(Non-) robustness of vulnerability assessments to climate change: An application to New Zealand

(Non-) robustness of vulnerability assessments to climate change: An application to New Zealand Assessments of vulnerability to climate change are a key element to inform climate policy and research. Assessments based on the aggregation of indicators have a strong appeal for their simplicity but are at risk of over-simplification and uncertainty. This paper explores the non-robustness of indicators-based assessments to changes in assumptions on the degree of substitution or compensation between indicators. Our case study is a nationwide assessment for New Zealand. We found that the ranking of geographic areas is sensitive to different parameterisations of the aggregation function, that is, areas that are categorised as highly vulnerable may switch to the least vulnerable category even with respect to the same climate hazards and population groups. Policy implications from the assessments are then compromised. Though indicators-based approaches may help on identifying drivers of vulnerability, there are weak grounds to use them to recommend mitigation or adaptation decisions given the high level of uncertainty because of non-robustness. http://www.deepdyve.com/assets/images/DeepDyve-Logo-lg.png Journal of Environmental Management Elsevier

(Non-) robustness of vulnerability assessments to climate change: An application to New Zealand

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Publisher
Elsevier
Copyright
Copyright © 2017 Elsevier Ltd
ISSN
0301-4797
D.O.I.
10.1016/j.jenvman.2017.07.054
Publisher site
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Abstract

Assessments of vulnerability to climate change are a key element to inform climate policy and research. Assessments based on the aggregation of indicators have a strong appeal for their simplicity but are at risk of over-simplification and uncertainty. This paper explores the non-robustness of indicators-based assessments to changes in assumptions on the degree of substitution or compensation between indicators. Our case study is a nationwide assessment for New Zealand. We found that the ranking of geographic areas is sensitive to different parameterisations of the aggregation function, that is, areas that are categorised as highly vulnerable may switch to the least vulnerable category even with respect to the same climate hazards and population groups. Policy implications from the assessments are then compromised. Though indicators-based approaches may help on identifying drivers of vulnerability, there are weak grounds to use them to recommend mitigation or adaptation decisions given the high level of uncertainty because of non-robustness.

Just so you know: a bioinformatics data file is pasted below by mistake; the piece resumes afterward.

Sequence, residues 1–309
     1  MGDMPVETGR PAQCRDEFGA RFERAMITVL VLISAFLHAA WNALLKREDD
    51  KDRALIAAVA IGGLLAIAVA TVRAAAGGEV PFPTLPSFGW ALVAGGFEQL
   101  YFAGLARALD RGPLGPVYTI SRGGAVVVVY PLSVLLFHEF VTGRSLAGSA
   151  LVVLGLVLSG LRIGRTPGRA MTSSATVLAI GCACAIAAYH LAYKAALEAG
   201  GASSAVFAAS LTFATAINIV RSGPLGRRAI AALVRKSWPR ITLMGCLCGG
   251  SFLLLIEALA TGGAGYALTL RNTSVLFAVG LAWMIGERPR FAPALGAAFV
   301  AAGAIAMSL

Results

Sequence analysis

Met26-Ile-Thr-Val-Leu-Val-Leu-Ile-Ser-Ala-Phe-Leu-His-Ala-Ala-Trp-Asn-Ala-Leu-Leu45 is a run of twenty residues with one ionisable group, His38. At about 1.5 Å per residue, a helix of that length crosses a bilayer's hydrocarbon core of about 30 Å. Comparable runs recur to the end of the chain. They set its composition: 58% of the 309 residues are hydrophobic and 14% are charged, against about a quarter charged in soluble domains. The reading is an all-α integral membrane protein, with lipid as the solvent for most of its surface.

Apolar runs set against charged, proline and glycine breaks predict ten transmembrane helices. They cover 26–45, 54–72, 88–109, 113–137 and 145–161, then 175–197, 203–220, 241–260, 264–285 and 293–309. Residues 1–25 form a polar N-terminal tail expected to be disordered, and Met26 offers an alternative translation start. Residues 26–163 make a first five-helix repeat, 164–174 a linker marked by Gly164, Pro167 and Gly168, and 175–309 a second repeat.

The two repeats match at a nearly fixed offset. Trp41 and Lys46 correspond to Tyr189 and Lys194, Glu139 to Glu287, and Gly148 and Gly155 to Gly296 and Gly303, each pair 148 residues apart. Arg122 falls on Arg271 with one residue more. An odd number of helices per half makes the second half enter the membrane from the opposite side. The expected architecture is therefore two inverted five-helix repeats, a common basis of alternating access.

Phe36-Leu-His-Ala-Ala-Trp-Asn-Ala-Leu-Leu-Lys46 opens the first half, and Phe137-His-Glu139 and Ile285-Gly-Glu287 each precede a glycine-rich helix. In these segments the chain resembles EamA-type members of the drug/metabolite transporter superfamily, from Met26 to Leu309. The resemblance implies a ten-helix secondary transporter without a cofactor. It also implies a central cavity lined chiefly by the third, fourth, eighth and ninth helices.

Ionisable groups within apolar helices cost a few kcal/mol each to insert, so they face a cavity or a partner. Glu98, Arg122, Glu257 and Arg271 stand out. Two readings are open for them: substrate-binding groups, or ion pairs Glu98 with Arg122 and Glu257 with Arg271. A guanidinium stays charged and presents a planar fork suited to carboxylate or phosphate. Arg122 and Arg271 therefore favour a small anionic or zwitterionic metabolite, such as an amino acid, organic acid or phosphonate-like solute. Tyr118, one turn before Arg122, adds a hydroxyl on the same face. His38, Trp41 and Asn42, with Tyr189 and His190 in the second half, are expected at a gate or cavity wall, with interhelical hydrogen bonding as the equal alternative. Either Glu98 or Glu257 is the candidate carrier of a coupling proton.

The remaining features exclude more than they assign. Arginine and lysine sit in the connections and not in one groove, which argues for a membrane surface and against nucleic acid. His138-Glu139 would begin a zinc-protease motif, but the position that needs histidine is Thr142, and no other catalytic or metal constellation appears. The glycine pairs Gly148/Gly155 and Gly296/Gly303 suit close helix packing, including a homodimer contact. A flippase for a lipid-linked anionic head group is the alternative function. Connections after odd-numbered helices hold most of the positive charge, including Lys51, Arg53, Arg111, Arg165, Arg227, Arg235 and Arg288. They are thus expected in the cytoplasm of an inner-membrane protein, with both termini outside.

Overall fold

Journal

Journal of Environmental ManagementElsevier

Published: Dec 1, 2017

References

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